If walls could talk. Imbued in every square inch of this $3.448 million historic adobe estate in Rancho Santa Fe, CA, are the secrets of its most famous former resident, screen-siren-turned-real estate-mogul Corinne Griffith. Born in Texas in 1894, the raven-haired beauty dominated the box office during the 1920s silent film era, when she earned the nickname “the orchid lady of the screen.”
But here’s where things get really interesting: In 1966, while in the process of divorcing her fourth husband, 45-year-old Broadway star Danny Scholl, Griffith swore under oath that she was not, in fact, Corinne Griffith, and that the starlet had died 30-some years before. Instead, she was the “deceased” starlet’s own younger sister, 20 years her junior.
The reason for the (alleged) charade? Simple: The actress’s fortune was at stake. Because according to Scholl, Griffith had lied about her age before entering into their six-week-long marriage; she purported to be 20 years younger than her actual age of 71. Scholl wanted out, and he wanted restitution. Few believed Griffith’s testimony, but her story was enough to convince the judge: He ruled in the actress’s favor, leaving her earnings intact. Upon her death in 1979, she left behind an estate of $150 million — and an artistic legacy that includes the construction of this mission-style adobe hacienda in San Diego County.
Griffith’s transition into the talkies was a bumpy one, and her film career soon fizzled. Did the leading lady then fade into obscurity? Not quite. Instead, Griffith reinvented herself as an accomplished author and artist, and she turned her attention to real estate investments (savvy ones at that).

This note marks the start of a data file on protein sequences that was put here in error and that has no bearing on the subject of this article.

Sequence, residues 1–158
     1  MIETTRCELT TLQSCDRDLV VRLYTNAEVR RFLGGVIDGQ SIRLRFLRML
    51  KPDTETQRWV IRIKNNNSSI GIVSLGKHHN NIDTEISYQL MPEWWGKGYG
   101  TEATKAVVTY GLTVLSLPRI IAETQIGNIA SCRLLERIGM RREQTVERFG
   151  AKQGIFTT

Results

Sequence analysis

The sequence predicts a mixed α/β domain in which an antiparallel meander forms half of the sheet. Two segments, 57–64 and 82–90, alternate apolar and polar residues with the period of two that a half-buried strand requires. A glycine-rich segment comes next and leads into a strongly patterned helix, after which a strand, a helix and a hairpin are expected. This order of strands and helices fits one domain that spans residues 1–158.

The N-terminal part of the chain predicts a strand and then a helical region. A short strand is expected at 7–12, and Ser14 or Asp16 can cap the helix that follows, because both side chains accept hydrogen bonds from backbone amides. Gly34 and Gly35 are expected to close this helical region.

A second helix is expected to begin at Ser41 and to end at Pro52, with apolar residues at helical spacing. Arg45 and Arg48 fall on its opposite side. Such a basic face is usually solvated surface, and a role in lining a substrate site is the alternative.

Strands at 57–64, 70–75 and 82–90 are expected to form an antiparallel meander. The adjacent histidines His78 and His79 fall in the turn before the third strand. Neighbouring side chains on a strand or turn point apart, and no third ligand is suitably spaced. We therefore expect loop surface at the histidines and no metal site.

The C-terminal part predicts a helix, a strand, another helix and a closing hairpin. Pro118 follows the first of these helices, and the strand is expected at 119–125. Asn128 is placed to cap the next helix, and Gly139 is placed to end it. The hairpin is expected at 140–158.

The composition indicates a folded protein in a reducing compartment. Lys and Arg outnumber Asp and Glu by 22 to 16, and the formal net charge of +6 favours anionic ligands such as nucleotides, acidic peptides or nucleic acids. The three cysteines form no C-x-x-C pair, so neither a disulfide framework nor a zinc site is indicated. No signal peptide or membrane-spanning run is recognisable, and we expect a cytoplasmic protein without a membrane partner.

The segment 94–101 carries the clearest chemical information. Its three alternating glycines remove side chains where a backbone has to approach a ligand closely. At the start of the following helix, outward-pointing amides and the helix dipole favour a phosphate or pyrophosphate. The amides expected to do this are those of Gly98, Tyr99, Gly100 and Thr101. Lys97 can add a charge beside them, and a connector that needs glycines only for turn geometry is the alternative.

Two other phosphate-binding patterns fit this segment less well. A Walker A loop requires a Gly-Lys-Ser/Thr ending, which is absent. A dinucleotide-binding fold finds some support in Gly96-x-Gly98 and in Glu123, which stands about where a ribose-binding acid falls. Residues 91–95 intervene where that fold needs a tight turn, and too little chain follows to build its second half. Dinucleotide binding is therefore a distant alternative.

Among her more astute investments was the purchase of a city block in downtown Rancho Santa Fe, which she redeveloped for commercial use during the 1930s; this was around the same time that the actress initiated construction of this now-7,212-square-foot estate, high in the hills outside of town.
The home was built from two 1900s Spanish missions from Taos and Las Cruces, NM, which Griffith had disassembled and shipped via flatbed railroad car to her build site, then reconfigured to her specifications. Construction was completed in the early 1940s.
The home retains many of the architectural features original to the missions, such as the viga and latilla ceilings, the hand-laid wooden floors, and the handcrafted wooden shutters. One of the mission’s original bells is suspended above the estate’s entryway gate.
Vibrantly colored furnishings team up with custom-crafted lighting, hand-rendered woodcarvings, and exotic collectibles in creating the home’s distinctive style.
Blurring the line between indoors and out, floor-to-ceiling French doors lead from the spacious living room to one of many outdoor spaces that bound the home. The patios and verandas at the rear of the residence provide stunning views of the surrounding mountains and the valley below.
There are five bedrooms within the main house plus three additional bedrooms in the estate’s detached guesthouse. Pictured here is the main house’s master bedroom, which features a custom adobe fireplace — one of seven wood-burning fireplaces throughout the property.
Simultaneously rustic and modern, the cozy galley-style kitchen is complemented by exposed brick and painted tile. The kitchen is located adjacent to a glass-walled dining room.
Recessed windows flank a wood-burning fireplace in the formal dining room.
Sharing the panoramic mountain views enjoyed from nearly every room of the main house, the two-story guesthouse — built by a later owner — offers three bedrooms, 2.5 baths, and a fully equipped kitchen.
Bold pops of color and inviting verandas add to the appeal of the guesthouse, which echoes the main house in its aesthetic.
Slicing through luxuriant tropical foliage, a meandering stone walkway leads to an enchanting grotto-style pool and a natural rock spa, complete with a babbling waterfall.